> Josef Matthias Hauer - Fifteen Zwölftonspiele [CC]: Classical Reviews- March 2002 MusicWeb(UK)

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Josef Matthias HAUER (1883-1959)
Fifteen Zwölftonspiele.

Ensemble Avantgarde
Recorded in Leipzig on November 29th-December 1st, 2000. [DDD]


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Less than fifty minutes on a disc may seem short measure, but when the time is stuffed full of little discoveries, as this disc is, the rewards are long lasting indeed. The name of Hauer is more often found in text books than in concert hall programmes, and if this disc is anything to go by this neglect is hopelessly unfounded. His discography is woefully small. Some piano pieces are played by Herbert Henck on Wergo WER6609-2, some are played by Elizabeth Klein on ClassicO CLASSCD176 and (amazingly) there is a complete performance of his opera Salammbo on Orfeo (a live account from 1983 conducted by Lothar Zagrosek on Orfeo C493981A).

Perhaps it is unfortunate that Hauer is best known for his dispute with Schoenberg as to who had the idea of the twelve-tone system. He was a curious man who in his time even formed the model for the Magister Ludi in Hermann Hesse’s Glass Bead Game (incidentally, a truly inspirational book: if you have not read it, I suggest you do). From 1939, all of Hauer’s works were called Zwölftonspiele but not numbered so they appear as only, for example, Zwölftonspiel for piano (New Year 1947), or Zwölftonspiel for flute and harpsichord (August 31st, 1948). This is hardly ideal (apparently there are literally thousands of them), but there remains as yet no catalogue of his works. Although the majority are for piano, piano duet or harpsichord, other instruments and combinations appear and it is with one of these combinations that the MDG disc begins - for ‘home’ orchestra: Zwölftonspiel for violin, cello, accordion and piano four hands (October 1957). It is true to say that this is curiously and deliberately inexpressive music (Hauer’s own instructions for performance are an unhelpful, ‘not too fast, not too slow, not too loud, not too soft; well-tempered, well-intoned’).

Right. No problem, then.

Well, actually, there is, for there is no performance tradition for the Ensemble Avantgarde to call on, and the booklet notes tell of much discussion/argument in rehearsal as to how to actually present these pieces. What’s more, they all apparently follow the same model: a twelve note row is stated and then set out in four parts, undergoing contrapuntal exploration (although this appears not to happen in all of the pieces on the disc: Zwölftonspiel for violin and piano) has the piano in distinctly accompanimental mode against the more obviously solo violin). The fact is that the uniformity of title belies the variety contained therein, both within and between pieces. What is for sure, though, is that the juxtaposition of ‘play‘ and twelve-note manipulation, which may at first appear anachronistic, actually provides incredibly fertile ground for the seeds of Hauer’s imagination.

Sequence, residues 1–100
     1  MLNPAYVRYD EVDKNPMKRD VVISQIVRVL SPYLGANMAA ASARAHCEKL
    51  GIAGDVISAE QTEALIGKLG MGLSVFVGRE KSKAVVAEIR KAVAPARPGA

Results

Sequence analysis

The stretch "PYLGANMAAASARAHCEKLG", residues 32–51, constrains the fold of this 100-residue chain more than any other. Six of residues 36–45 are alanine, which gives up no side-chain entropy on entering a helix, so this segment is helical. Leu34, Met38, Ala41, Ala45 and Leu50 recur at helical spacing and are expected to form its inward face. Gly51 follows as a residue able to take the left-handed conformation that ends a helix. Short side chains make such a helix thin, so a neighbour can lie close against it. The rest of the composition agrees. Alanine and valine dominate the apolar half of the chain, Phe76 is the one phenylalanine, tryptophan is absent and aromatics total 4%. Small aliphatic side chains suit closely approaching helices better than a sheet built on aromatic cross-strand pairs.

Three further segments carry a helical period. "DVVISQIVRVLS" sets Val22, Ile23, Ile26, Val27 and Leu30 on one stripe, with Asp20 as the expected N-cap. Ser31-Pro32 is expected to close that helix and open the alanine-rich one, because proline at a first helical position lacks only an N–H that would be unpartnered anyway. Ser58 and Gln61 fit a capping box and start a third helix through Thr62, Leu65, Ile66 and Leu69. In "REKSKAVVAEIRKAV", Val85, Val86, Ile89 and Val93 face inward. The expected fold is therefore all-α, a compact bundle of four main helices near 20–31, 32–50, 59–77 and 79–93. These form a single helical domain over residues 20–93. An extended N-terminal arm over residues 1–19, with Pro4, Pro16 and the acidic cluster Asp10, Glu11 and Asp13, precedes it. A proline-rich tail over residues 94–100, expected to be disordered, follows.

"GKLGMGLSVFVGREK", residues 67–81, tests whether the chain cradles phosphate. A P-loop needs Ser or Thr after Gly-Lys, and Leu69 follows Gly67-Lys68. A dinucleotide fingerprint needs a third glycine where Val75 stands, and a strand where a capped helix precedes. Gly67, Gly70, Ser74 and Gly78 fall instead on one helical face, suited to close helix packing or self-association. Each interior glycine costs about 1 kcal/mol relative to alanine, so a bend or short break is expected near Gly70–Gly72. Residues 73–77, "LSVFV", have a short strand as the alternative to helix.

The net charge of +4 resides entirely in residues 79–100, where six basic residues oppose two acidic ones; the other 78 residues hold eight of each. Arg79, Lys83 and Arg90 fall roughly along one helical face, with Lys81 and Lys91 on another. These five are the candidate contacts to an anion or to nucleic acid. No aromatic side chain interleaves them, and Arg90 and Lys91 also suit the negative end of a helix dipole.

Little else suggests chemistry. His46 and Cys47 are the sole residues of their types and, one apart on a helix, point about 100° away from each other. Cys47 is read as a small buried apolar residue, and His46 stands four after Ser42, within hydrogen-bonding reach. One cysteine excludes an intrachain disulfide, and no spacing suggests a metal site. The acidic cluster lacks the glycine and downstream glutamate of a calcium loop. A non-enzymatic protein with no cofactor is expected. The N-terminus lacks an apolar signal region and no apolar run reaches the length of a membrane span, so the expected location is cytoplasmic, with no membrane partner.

The first track, the above-mentioned Zwölftonspiel for home orchestra for home orchestra: violin, cello, accordion and piano four hands (October 1957) presents a bizarre sound, instantly Viennese (although the Vienna of the turn of the century Second Viennese School). Some pieces come across as disembodied fragments: Zwölftonspiel for violin and harpsichord (August 26th, 1948) is just 58 seconds, for example, and the Zwölftonspiel for solo clarinet (1947), base on a twelve-tone row by Ernst Hartmann, is 1‘05 of Matthias Kreher’s superb clarinet playing. The variety of Hauer’s musical language, even within the 50 minutes of this disc, is breath-taking and ranges from the pleasant (Zwölftonspiel for flute and harpsichord) to the almost Impressionistically-lush-threatening-pre-Glassian-minimalism-at-any-moment Zwölftonspiel for string quartet (January 1957), to the capricious XXII. Zwölftonspiel for piano (1946), to the serious-yet-delicate Zwölftonspiel for piano (New Year 1947) ... the list just goes on ...

Performances are uniformly excellent. Pianist Steffen Schleiermacher is superb (try any of his John Cage discs on the same label if you need further proof, or his piano recital of Darmstadt music on MDG613 1004-2: see my review). He also provides the indispensable booklet notes. Embedded within the member list of the Ensemble Avantgarde is the Leipzig String Quartet, which has distinguished itself elsewhere in Dabringhaus und Grimm’s extensive catalogue.

I am confident this disc will not only retain its fascination for a long time to come, but that it will encourage me to explore what little the catalogue has to offer of this remarkable figure. It would be a heart-warming thought indeed if, in these cash-strapped times for the recording industry, enlightened companies the like of Dabringhaus und Grimm could continue where this disc left off and provide more Hauer discs. They would, indeed, be most welcome.


Colin Clarke

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